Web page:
5th issue

Rhodes … A dream destination

Rhodes … A dream destination

Economic profile: Rhodes, a Greek island in the Mediterranean

Following the economic woes the country faced in recent years, Greece is firmly on the up when it comes to tourism. In-bound figures have reached record-breaking highs with an increase of 20% in 2014, and hotels welcomed the influx of extra arrivals by officially extending their operating season (early April – beginning of November).

Supported by the fact that tourism represents 18% of the Greek GDP – the room for growth, support and sustainability has been at the forefront of the recovery strategy.

Tourism for Rhodes is equally as important and properties on the island are finding new innovative ways to attract holidaymakers to not only enjoy their amenities, but also to support the sustainability of the island as a whole.

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Rhodes … A dream destination

Rhodes is the largest island of the Dodecanese and also the capital of the region. The population of the island is 100,000 permanent residents according to 2011’s population census.

As soon as you set foot on this small island, you can feel that this place is accustomed to receiving tourists. When you visit its main city, you can explore its churches and mosques, and see that it’s a city with a really special flavour about. Wandering around its streets you are treated fairly, you feel secure and at ease with the surroundings, and importantly you really don’t feel as though the locals are there to take advantage of you as a tourist by charging over the odds. People are kind, welcoming, and used to tourists from around the globe.

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The main occupation of the residents of the island is tourism-oriented, and the most developed sector is services. According to the 2011 statistics, provided by the Chamber of Commerce and Industry of the Dodecanese, the total number of registered businesses in Rhodes was 14,757, with the vast majority (5,295 companies) operating in the services sector. In the tourism sector, there are 1,920 registered companies, and the rest of them are divided between trade and manufacturing, with 3,562 and 4,020 companies respectively.


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After seeing these numbers, one may think that tourism is not the main occupation of the people in Rhodes; however, it needs to be taken into consideration that most of the service-oriented companies depend on tourism. These service-based companies depend mostly on the tourists’ consumption, given the fact that Rhodes is mainly a “summer destination”. Also, the majority of these companies operate according to the island’s tourism season, meaning that they open in April and close in early October, waiting for next year when tourists will start to visit the island again.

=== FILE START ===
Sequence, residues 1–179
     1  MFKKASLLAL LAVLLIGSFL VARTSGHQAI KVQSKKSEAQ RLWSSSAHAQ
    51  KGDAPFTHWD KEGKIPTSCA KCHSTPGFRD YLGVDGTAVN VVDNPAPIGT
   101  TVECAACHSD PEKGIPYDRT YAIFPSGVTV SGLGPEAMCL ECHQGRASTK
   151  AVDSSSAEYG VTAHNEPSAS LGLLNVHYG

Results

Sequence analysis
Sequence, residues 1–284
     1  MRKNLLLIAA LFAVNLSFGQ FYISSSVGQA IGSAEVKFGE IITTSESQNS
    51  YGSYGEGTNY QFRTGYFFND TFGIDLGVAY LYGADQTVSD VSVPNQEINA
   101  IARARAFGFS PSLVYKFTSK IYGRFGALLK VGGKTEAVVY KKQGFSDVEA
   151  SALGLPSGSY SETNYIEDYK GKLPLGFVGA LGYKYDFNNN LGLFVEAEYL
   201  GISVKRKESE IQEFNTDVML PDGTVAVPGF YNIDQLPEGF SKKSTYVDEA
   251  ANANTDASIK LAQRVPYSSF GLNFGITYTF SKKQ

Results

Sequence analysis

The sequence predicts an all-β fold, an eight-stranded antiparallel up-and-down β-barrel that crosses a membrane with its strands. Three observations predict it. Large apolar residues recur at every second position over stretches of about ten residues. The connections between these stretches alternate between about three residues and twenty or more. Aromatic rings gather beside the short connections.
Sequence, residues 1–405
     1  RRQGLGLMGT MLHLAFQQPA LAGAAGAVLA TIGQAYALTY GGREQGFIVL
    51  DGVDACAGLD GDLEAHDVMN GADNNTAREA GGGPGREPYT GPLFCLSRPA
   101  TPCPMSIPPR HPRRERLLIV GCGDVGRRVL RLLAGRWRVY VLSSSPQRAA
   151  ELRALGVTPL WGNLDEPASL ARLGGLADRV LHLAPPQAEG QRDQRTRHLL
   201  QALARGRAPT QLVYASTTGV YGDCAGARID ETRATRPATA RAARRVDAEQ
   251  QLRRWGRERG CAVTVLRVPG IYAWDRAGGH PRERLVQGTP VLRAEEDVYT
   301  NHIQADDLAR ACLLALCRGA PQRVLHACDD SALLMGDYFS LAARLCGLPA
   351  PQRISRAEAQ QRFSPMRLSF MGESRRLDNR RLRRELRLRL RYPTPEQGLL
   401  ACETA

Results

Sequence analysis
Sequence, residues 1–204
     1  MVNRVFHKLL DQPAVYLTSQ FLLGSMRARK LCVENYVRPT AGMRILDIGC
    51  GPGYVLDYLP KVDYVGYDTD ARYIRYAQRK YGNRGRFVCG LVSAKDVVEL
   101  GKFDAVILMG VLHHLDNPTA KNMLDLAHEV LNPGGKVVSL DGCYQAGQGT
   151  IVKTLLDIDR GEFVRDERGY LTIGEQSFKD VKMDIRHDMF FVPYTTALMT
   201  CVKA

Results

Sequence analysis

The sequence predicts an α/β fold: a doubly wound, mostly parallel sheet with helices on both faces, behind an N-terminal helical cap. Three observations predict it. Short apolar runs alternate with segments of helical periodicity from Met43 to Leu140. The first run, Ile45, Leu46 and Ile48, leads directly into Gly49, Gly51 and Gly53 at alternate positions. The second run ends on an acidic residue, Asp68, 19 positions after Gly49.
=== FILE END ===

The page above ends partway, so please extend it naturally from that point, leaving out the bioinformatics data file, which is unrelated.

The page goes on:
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During the economic crisis, Rhodes experienced many difficulties, with many companies going bankrupt during the years 2008 up until now. Every year since 2008 though, despite the negative vibe towards Greece, there has been a steady rate of approximately 6% per year in visitor arrivals, giving people hope and a chance for them to survive during this period of crisis.




More specifically, in Rhodes, during 2013 and 2014, and according to the Association of Greek Tourism Enterprises, there has been an even larger rise in international tourist arrivals of 9.3% between these two years.

Despite this rise, which is indeed high in a period of crisis, companies still face many difficulties, as most of the hotels have introduced “all-inclusive” packages to their clients, indirectly preventing them from eating in restaurants outside the hotel or using other facilities in general, which are not inside the hotels’ premises.


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